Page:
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  3. The first picture of Amali literally took my breath away. Then the photo of the open car made me gasping. This was absolutely amazing. I have to work up my bravery to so something like this. Did you feel safe?

    Liked by 1 person

    1. Thank you, Mindy! Yes, we felt quite safe. The cats are used to the trucks as not posing a threat, and they never bring food, so the leopards have no reason to jump into the trucks. Like most cats, they just acknowledge our presence (if even that) and move on.

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  4. I am happy for you Brianna, finally, after all those drive and effort you spent on during your travel it is worth it. It’s good to know that despite the struggle taking a good picture of the cat you able to manage your patience and you never stop trying. I love the picture you took and thanks for sharing your experience.

    Liked by 1 person

  5. I have several photographer friends who have recommended Etosha as a great destination…I may have to put it on my list. I know what you mean about the big cats being just out of reach of your camera lens – UGH so frustrating! But I’m glad you got to see and experience them up close and personal!

    Liked by 1 person

    1. Thank you, Jim! Cats can be found in Etosha, but you have to be in the right place at the right time. If we had it to do all over again, we would have spread our stay across the three campgrounds so we could reach each corner of the park shortly after sunrise (when they let us out of the gates). We’ll be writing a post really soon on viewing tips for each of the animals in Etosha – which is indeed an amazing place to see wildlife!

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  6. I’m so glad you finally got to see the leopard! They were so elusive. I’m headed to Kenya and Tanzania next month for a safari and can’t wait to see the elephants! Although, I wouldn’t be mad if I saw a few rhinos, too…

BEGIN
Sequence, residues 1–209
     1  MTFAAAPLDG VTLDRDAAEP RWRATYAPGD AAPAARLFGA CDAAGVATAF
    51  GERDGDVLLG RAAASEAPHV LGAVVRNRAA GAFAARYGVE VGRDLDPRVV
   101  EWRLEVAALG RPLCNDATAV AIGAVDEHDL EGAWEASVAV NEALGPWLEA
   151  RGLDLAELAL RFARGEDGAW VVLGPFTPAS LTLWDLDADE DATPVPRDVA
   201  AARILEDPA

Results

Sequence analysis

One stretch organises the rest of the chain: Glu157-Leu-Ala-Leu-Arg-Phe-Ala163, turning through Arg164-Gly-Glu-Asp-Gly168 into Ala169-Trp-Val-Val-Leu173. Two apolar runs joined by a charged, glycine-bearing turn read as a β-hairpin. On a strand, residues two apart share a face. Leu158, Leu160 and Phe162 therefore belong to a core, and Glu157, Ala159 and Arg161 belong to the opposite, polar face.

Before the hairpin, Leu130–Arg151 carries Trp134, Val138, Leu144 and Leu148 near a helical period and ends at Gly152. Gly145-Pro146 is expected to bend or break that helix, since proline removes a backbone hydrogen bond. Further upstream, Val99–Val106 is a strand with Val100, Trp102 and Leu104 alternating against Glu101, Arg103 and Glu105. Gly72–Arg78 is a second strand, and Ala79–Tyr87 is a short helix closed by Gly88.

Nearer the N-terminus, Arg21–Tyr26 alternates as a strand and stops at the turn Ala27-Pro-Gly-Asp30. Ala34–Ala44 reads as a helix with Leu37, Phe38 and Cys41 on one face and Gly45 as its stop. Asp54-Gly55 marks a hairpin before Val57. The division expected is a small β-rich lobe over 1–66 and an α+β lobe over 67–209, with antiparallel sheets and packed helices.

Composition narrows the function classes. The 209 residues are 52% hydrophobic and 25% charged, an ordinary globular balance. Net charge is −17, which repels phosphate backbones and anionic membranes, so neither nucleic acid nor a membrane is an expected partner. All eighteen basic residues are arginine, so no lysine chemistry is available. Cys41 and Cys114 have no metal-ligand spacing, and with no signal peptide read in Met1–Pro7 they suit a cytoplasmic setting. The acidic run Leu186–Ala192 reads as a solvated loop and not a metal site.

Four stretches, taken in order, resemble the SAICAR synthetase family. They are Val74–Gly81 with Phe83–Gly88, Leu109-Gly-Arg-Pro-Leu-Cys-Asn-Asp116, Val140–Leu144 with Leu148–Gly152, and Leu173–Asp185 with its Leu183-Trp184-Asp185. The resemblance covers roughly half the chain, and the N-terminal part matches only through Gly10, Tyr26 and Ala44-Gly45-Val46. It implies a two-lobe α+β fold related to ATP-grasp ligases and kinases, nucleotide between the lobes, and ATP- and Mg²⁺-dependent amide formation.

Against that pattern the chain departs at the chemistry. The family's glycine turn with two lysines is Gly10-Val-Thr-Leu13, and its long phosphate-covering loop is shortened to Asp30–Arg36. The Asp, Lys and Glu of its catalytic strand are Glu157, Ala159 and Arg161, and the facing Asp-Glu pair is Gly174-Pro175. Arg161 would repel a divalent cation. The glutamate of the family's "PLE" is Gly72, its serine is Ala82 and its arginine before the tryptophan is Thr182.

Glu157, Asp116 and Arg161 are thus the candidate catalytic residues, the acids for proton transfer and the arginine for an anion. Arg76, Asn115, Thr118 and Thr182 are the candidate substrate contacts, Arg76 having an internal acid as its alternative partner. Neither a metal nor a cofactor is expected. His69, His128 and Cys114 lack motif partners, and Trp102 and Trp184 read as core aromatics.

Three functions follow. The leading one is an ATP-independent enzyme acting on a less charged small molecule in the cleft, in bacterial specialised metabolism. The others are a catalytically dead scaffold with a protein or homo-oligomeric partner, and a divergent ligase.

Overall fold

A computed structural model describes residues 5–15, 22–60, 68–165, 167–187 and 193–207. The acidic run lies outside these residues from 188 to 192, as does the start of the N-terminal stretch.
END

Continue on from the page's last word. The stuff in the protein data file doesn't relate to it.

Liked by 1 person

    1. Good luck with your safaris! They truly are memorable experiences! We did all self-drive in Etosha, and we saw loads of everything but cats. I’m sure you’ll see lots of elephants in Kenya and Tanzania; I’ve heard good things. Have fun!

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  7. Squeee I am so glad you got to see the big cats in the end!!

    Amali is soooo gorgeous! It’s pretty awesome that she felt comfortable enough to just ignore you and get on with her life while you took so many photos. I love the idea of your cat mochi pulling the same pose as Tuck too! I can almost hear the purr from that photo.

    Liked by 1 person

    1. Haha! Yes, we both had big smiles on our faces when we saw Tuck lounging like that (we very much miss our kitties at home). They were all very beautiful, and we feel so grateful we had the opportunity to observe them!

      Liked by 1 person

  8. I am glad you got to see them! Here in India there are a number of national parks where lions can be seen quite closer especially Gir forest and Ranthambore, just in case you plan to visit India.

    Liked by 1 person

    1. That’s great to know! India isn’t quite on the list for this trip, but I would love to go! We actually have a good friend from India who has offered to show us around, but I don’t know if the areas you mention are anywhere close to his city (Bombay).